A Chicago hot dog from Lefty's, with pepperoncini, cucumber, relish, tomatoes, mustard, and celery salt, on a poppy seed bun
Delivery apps are great, but they also suck. Great because they deliver virtually every restaurant to your doorstep — an especially handy service during a shutdown. Terrible because they charge money coming and going: customers pay exorbitant delivery fees, while restaurants are forced to pay exorbitant commissions. Terrible because, despite this, their drivers are underpaid.
So, great because restaurants get extra business, couch potatoes get fed, and independent contractors get work, but at the end of the day, nobody actually feels good about it, except the app’s shareholders. So not great at all.
The not-quite-working-perfectly website for the TakeIn delivery app
Except for one app, maybe. TakeIn, otherwise known as TakeIn.com, promises only to take its delivery fee. Restaurants on the platform get full price for their food. Drivers get their full tips. And customers get to order food to our doorsteps without the frustration and guilt of knowing we paid more, only for the restaurant to make less.
It sounds amazing. It almost sounds too good to be true. And when I first heard about it last spring, that seemed to be the case. I tried, repeatedly, to order food using the app, only to run into glitches, poor navigation, and the inability to complete an order. I pegged it as a failing effort.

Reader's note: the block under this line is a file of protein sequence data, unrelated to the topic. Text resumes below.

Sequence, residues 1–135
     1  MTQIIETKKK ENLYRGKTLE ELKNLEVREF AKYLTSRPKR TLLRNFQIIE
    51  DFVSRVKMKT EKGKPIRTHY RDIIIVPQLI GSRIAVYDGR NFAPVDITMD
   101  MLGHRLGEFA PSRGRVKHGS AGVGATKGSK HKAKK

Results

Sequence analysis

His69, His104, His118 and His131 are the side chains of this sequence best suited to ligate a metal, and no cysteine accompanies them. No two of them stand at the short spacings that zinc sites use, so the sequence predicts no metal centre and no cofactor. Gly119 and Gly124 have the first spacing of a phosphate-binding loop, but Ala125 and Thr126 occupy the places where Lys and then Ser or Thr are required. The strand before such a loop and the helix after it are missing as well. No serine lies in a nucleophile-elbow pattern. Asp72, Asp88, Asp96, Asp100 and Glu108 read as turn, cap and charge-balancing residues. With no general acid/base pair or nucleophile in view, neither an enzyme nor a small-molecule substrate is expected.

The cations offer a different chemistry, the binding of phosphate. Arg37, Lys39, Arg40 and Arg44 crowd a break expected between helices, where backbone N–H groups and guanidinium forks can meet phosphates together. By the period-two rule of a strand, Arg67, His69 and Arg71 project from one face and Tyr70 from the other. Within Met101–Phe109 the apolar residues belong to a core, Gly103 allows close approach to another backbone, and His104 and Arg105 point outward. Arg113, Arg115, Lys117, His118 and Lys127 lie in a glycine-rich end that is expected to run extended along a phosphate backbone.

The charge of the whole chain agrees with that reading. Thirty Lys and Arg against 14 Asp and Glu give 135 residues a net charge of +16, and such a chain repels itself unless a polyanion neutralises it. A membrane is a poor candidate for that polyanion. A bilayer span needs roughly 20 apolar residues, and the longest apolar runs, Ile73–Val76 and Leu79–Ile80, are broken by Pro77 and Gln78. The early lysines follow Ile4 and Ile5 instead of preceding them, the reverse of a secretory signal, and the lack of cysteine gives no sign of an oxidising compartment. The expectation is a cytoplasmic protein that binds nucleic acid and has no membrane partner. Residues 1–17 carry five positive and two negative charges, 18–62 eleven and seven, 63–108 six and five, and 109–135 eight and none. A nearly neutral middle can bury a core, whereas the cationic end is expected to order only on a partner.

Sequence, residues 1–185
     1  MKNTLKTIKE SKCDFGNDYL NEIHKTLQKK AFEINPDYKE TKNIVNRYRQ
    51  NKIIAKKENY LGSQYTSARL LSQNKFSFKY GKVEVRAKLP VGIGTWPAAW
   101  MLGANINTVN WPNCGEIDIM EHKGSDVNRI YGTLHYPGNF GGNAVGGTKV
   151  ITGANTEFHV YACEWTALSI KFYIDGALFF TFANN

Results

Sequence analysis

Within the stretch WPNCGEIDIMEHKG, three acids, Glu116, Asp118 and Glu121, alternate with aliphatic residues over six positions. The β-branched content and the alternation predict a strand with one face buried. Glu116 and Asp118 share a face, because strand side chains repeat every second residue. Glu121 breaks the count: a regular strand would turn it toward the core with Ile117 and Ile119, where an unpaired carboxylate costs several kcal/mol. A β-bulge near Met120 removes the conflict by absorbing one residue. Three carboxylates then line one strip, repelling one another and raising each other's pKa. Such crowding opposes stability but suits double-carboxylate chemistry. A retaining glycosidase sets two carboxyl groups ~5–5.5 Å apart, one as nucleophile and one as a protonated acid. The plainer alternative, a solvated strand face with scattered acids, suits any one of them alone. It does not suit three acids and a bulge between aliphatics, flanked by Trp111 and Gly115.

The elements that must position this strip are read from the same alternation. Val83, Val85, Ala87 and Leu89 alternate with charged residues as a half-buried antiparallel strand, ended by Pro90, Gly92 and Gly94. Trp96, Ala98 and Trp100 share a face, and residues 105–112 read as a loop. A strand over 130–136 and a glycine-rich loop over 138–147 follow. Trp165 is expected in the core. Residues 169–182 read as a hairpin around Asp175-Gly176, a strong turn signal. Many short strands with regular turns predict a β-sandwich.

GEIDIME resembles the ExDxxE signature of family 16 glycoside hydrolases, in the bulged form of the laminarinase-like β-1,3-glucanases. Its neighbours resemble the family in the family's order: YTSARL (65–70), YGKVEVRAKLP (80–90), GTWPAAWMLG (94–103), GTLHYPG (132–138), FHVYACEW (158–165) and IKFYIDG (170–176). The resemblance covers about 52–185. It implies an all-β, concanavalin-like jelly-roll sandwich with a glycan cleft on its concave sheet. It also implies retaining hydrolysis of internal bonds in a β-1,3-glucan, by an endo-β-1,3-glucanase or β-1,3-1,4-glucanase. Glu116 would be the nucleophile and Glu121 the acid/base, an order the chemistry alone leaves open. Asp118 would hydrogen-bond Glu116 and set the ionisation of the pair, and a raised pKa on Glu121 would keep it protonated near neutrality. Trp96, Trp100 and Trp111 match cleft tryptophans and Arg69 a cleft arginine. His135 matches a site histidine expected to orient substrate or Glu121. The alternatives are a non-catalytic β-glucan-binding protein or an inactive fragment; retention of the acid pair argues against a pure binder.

Except TakeIn stuck around, started working better, and started adding a wider range of restaurants. Last week, I was able to order from neighborhood favorites including Lefty’s Chicago Pizza and Mama's Bakery & Deli. I paid full price for the food, plus tax and tip. But I only paid six bucks each for the actual delivery.
A beef shawarma plate from Mama's Bakery & Deli
Okay, six bucks will sound like too much for many of us, but it’s a relatively fair rate considering the usual suspect apps — whether DoorDash, GrubHub, UberEats, or Postmates — typically charge closer to ten bucks by plying a murky combination of taxes, delivery fees, and service fees. And before tips.
Basically, TakeIn offers more appealing terms to independently owned restaurants, and doesn’t rip off consumers in the process. So what’s not to love?
Square cut, thin crust pizza with pepperoni and Italian beef toppings
So while I was able to find and order from Lefty’s the first time, my order wound up failing due to some back-end error. Then, when I was sent back to the home page, I could no longer find Lefty’s as an option. Eventually, after a lot of failed searches clicking around, I found the restaurant’s menu again and placed a successful order. Within a half hour, I was eating a Chicago hot dog, alongside thin crust pizza topped by pepperoni and Italian beef.
This was a thrilling development, because Lefty’s delivery was never available, for years, and I’d much rather order from a place that doesn’t rip off the family-owned business. Ultimately, that point keeps me interested in TakeIn — it may not be as slick as the big boys in the game, but in a sense that only proves it’s not ripping off its clients to pay for a more seamless shopping experience. By a year from now, it could very well become the best delivery option in town.